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Tuesday, October 02, 2007

Journalism stereotypes

There are only six possible characters in any news story. When you watch the news or read the paper, look for one or more of these guys:

The harried small-business owner. He's too busy to talk to the reporter, but he'll do it after heaving a heavy sigh. He's usually under some sort of pressure from the uncaring authority (see below). Maybe he's being forced to ban smoking in his bar, or he's had to lay off all of his staff because the feds discovered that they were all illegal immigrants, or the health inspector is forcing him to refrigerate his special sauces. Either way, you should feel very, very sorry for him and possibly even spend some money at his business. But don't think it's an ad! IT'S DEFINITELY NOT AN AD, GET IT? The fact that you suddenly want a hamburger is completely unrelated to the story. Look for this guy walking somberly with the reporter just before the camera pans up to the sign above his door.

The ne'er-do-well. Just because you only see him in mug shots and walking into the courthouse in slow motion under RCMP guard, that does NOT MEAN HE IS A CRIMINAL. That creepy music just happened to switch on while the reporter was talking. It shouldn't make you assume that anyone is a bad guy. If you think this, it's a decision that you personally came to after hearing both sides of the story.

The angel. Ideally, the angel is under 25 and very attractive. He or she can become the face of an entire movement. You cannot ever suggest that the angel is not telling the truth or is in any way responsible for any problems that he or she is dealing with. There are two types of angels that appear in news stories (the third type of angel is the reporter himself for having the courage to report on the story):

1) The out-of-commission angel: This person is a hero, usually with an amazing story. The details are truly incredible and often in-credible. Think of Jessica Lynch firing her gun until she ran out of bullets or Cassie Bernall telling the Columbine shooters that she believed in God. Who cares if these stories aren't true? They SOUND GREAT! Let's get her face on a T-shirt -- she's gorgeous! The best part is that all of the people who would be able to say that the story's not true are dead or unavailable.

2) The down-on-her-luck angel: This type of angel can be very unattractive. She might go a week or so between showers. Maybe she wears radishes as earrings and lives in a van down by the river. This angel's able to talk, which makes everyone very uncomfortable. You see, she's usually not really an angel. Usually, she's at least partly to blame for whatever misfortune has befallen her. And she seems to attract a lot of misfortune. Her background needs a lot of scrubbing and selective camera angles. Don't worry, though: You'll only see her on screen for a few minutes at most. The reporter can't put up with her any longer than that; besides, it's all he needs to illustrate his story about the meanie social worker who won't help the angel score her teddy bears that are secretly stuffed with cocaine.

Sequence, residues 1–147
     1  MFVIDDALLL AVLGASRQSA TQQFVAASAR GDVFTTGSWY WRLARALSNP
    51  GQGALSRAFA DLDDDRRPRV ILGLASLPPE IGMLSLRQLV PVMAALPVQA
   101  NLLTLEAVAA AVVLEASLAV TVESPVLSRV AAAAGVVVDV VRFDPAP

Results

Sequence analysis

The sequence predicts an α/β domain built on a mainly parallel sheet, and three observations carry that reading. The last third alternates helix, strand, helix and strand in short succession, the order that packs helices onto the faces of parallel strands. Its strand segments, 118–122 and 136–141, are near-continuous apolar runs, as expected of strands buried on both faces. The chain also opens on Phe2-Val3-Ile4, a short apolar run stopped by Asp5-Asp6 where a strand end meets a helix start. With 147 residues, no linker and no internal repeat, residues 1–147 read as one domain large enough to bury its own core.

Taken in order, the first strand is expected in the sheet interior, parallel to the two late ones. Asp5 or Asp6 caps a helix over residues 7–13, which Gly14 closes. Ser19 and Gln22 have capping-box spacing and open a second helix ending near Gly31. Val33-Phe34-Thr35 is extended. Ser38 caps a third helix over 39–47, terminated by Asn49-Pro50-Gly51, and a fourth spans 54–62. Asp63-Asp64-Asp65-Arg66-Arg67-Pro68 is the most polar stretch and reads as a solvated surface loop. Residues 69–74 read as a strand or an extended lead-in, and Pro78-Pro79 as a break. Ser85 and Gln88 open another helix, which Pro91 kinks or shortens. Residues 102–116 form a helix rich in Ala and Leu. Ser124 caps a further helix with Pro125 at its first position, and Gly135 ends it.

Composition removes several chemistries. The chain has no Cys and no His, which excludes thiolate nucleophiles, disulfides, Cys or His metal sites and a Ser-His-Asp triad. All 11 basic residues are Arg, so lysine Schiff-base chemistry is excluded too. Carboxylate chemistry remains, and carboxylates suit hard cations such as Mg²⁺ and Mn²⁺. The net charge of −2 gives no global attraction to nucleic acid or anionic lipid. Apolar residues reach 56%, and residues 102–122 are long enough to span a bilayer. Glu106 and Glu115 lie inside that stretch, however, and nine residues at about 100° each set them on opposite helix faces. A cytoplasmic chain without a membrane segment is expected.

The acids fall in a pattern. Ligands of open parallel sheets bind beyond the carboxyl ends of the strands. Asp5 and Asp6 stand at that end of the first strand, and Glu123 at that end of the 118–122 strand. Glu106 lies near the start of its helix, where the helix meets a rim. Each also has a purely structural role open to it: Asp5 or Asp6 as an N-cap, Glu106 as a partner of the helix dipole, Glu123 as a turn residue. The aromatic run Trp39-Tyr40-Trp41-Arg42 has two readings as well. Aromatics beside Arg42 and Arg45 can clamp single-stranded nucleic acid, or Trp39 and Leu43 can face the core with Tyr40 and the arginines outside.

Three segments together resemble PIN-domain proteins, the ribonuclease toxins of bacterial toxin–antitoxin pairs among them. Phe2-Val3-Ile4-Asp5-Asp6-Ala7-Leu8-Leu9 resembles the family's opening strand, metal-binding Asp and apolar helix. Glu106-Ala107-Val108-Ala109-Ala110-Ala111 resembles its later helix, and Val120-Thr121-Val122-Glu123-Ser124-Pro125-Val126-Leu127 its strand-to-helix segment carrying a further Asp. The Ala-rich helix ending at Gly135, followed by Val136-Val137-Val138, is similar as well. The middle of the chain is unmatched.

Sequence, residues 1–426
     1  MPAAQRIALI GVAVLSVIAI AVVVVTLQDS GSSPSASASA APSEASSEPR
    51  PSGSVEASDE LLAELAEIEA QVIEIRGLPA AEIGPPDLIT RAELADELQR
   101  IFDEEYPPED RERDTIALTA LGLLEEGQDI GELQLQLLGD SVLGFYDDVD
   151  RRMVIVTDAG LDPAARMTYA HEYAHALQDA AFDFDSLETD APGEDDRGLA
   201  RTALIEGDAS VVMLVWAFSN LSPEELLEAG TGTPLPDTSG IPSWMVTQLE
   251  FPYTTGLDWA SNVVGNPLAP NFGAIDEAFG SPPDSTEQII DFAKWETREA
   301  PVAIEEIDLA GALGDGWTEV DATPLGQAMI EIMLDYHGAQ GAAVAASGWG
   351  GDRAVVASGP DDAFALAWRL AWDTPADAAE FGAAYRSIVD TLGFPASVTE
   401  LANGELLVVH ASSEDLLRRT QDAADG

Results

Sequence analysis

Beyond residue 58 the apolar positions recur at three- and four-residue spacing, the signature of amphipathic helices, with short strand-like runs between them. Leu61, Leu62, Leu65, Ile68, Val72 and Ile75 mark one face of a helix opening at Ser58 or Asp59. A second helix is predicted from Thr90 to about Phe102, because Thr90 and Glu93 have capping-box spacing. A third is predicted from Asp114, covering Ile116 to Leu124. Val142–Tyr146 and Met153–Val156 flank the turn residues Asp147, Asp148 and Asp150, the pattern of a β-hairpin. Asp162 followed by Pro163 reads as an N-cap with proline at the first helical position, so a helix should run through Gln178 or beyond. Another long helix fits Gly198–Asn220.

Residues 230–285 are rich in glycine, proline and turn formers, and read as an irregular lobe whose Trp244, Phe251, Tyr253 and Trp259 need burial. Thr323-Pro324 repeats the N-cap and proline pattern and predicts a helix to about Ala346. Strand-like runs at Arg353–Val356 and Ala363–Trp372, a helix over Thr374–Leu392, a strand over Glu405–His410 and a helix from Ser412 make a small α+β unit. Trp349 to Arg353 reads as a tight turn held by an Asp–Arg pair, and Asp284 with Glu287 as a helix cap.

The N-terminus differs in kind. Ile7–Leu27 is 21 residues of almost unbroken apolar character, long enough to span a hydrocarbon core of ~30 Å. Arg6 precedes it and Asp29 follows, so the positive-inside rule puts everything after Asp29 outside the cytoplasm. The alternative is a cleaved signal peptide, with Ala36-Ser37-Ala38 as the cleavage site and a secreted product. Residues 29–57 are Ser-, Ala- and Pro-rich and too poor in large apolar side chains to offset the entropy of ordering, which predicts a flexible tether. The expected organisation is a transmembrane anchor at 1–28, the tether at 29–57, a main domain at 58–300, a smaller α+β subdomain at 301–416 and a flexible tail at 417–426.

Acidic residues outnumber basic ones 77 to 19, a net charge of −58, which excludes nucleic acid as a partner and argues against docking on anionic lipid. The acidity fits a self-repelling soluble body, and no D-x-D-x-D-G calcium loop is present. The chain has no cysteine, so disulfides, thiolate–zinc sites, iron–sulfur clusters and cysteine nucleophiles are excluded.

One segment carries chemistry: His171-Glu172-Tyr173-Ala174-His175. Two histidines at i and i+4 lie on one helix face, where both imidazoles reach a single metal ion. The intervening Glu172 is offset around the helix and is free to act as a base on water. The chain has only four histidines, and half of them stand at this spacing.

The expert. He's (yes, he's male) only called in to give credibility to someone's claims. He wears a suit and he sits in front of a wall of big heavy books. If he has no books, he's shown typing at a computer or near some symbol of authority. He might have a stethoscope around his neck to prove that he's a doctor. If he's a professional expert, he's very good at giving simple sound bites that lead to only one conclusion, like this: "That's definitely a foot bone. I can tell from the tiny cracks on the left side. No need to excavate the rest of it. Your work here is done." If he's never been on TV before, he will usually say something like this: "I'm not sure. It could be a foot bone, but it could also be a tibia. We need to dig up the entire bone and examine it before I'll be able to make any definitive conclusions." Then he will never be invited to go on TV again.

The uncaring authority.
Usually, this is some poor sap who works for the government, possibly the social worker who isn't letting the angel get her cocaine-filled teddy bears. It doesn't HAVE to be the government, though: it can be anyone in any position of power. This person is usually shown typing at a computer just before he explains why the angel or the harried small-business owner can't get everything she wants. For example, it is usually the uncaring authority's job to explain that the angel is not being denied an apartment because she is gay, she is being denied an apartment because it's a pet-free building and she refuses to give up her cat. It's possible for the same person to be cast as an uncaring authority one day and an angel or maverick the next. This is because reporters think you are stupid.

The maverick. This fellow's dangerous to The Man. Fortunately for the reporter, anything a maverick says is 100% true. He's shown with the sick and the downtrodden. He is the only one who cares. Best of all, HE KNOWS WHAT IT'S LIKE ON THE INSIDE! He's worked with the uncaring authority! He has great stories and he's always criticising the uncaring authority with fabulous zingers: "It's really important for doctors to treat patients. I know someone who didn't get treatment. I'm the only one who cares!" Or: "The church is destroying itself. I know someone who's an atheist. I'm the only one who cares!" Case closed! The maverick can be on TV or in the newspaper any time he wants. Like the down-on-her-luck angel, the maverick can sometimes attract a lot of misfortune, but this is because he is the only one who is willing to speak the truth. The Man's afraid of him! THAT'S why the uncaring authority never takes him seriously! He either ends up living in a van down by the river or retires quite happily in his million-dollar mansion on the nice side of town.